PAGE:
Don’t Judge Others
“Don’t judge others…” (said by Jesus)
On Sunday our family went to the Melbourne Royal Show. We took our grandkids, and they brought along the kid from next door.
The weather was wonderful, the food was frightfully expensive, the farm animals were ridiculously cute and yes, they smelled just as farm animals should. It was a wonderful day that our family was blessed to share with one another.
Towards the end of the day, we had just enough ticket-credit for one more ride. Our grandkids saw the Teacup Ride and decided that was the ride for them. They lined up gleefully, I wasn’t so sure.
I wasn’t so sure because I was looking not at the ride but at the ride operator.
Interestingly, operating the ride intended for the youngest, sweetest of children, was the meanest, toughest looking dude you can imagine. He was a real ‘hard-bitten’ type. Skinny and stringy but strong. Tough and tattooed and tanned. His face said ‘hard times’, and his smile was more gaps than teeth. His smile was a dental nurse’s nightmare.
Nevertheless, Jesus clearly says that we shouldn’t judge other people, and another saying is that we shouldn’t judge a book by its cover… and here’s why.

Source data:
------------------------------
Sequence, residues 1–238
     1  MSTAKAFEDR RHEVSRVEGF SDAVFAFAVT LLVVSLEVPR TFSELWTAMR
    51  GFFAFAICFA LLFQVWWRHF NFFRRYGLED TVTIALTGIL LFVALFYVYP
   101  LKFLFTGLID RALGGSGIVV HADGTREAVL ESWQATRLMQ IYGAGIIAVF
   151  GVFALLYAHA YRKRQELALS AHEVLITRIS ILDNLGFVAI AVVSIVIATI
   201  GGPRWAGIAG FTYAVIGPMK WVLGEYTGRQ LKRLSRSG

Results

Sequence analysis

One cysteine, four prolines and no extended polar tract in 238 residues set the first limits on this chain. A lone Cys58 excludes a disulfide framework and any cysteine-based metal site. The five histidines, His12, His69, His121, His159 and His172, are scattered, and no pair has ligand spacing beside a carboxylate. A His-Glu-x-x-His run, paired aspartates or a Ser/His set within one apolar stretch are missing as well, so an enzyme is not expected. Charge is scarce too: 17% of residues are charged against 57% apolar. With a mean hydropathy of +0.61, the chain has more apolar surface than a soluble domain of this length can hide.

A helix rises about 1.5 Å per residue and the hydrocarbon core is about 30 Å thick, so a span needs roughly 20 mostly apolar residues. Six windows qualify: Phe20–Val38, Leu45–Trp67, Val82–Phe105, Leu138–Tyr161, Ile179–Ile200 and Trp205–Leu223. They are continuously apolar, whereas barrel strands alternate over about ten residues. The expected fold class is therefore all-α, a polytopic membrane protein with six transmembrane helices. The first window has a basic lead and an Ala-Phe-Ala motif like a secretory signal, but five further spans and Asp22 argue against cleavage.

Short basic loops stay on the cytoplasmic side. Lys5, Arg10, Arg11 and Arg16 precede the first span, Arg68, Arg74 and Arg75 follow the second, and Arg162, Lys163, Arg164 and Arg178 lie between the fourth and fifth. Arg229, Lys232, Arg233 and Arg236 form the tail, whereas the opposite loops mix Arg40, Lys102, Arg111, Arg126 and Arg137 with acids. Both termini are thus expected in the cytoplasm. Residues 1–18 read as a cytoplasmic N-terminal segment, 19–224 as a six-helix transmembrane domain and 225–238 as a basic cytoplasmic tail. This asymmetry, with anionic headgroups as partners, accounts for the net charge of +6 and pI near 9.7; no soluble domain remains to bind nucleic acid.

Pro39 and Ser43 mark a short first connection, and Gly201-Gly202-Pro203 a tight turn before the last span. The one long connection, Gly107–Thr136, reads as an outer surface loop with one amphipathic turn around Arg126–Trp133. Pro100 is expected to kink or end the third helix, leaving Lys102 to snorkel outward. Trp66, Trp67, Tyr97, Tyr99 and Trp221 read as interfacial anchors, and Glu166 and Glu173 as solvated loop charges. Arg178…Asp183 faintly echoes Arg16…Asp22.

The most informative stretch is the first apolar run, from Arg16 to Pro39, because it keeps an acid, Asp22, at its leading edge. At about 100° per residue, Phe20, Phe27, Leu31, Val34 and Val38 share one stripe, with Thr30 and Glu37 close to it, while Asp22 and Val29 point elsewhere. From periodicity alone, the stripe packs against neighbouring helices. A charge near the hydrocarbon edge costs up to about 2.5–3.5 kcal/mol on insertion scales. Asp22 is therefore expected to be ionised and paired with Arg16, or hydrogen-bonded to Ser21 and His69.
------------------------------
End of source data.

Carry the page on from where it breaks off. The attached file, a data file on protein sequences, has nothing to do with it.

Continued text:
Once the kids were sitting in their giant teacups, the tough-looking operator kindly checked that each one was ready before he pushed the green start button. Off the teacups went, circling around on their central axis, and when the ride started working, that broken-toothed smile really expanded. It became clear that this mean-looking guy LOVED this part of his job! And as each teacup came around to where he stood, his grin became wider and wilder, and he shouted to the riders in each teacup: “Want me to spin ya? Want me to spin ya?”
They each shouted back that yes, they did want a spin. So, with those gnarled-knuckle hands he would grab the edge of their teacup and whisk it around on its own axis so that the riders had a double-spin. Teacup after teacup spinning as it was spinning, and his Collingwood cheer-squad smile kept getting wider.
I felt rather humbled; I had been quick to judge this guy by his tough appearance. He was a mean-looking guy and yet he was madly motivated by making children happy. Clearly his greatest joy in life was making these kids laugh outrageously. He wanted every child to have a great time on his teacup ride. His job wasn’t a job it was a joy.
I no longer want to judge this guy; I want to learn from him. I guess we can all learn from this guy.
Parents and staff, throughout our school community, let’s love life, let’s be joyful. Let’s do simplicity the way little children do simplicity. And most of all let’s love and protect kids and their beautiful innocence.
DAVID GLEESON, PRINCIPAL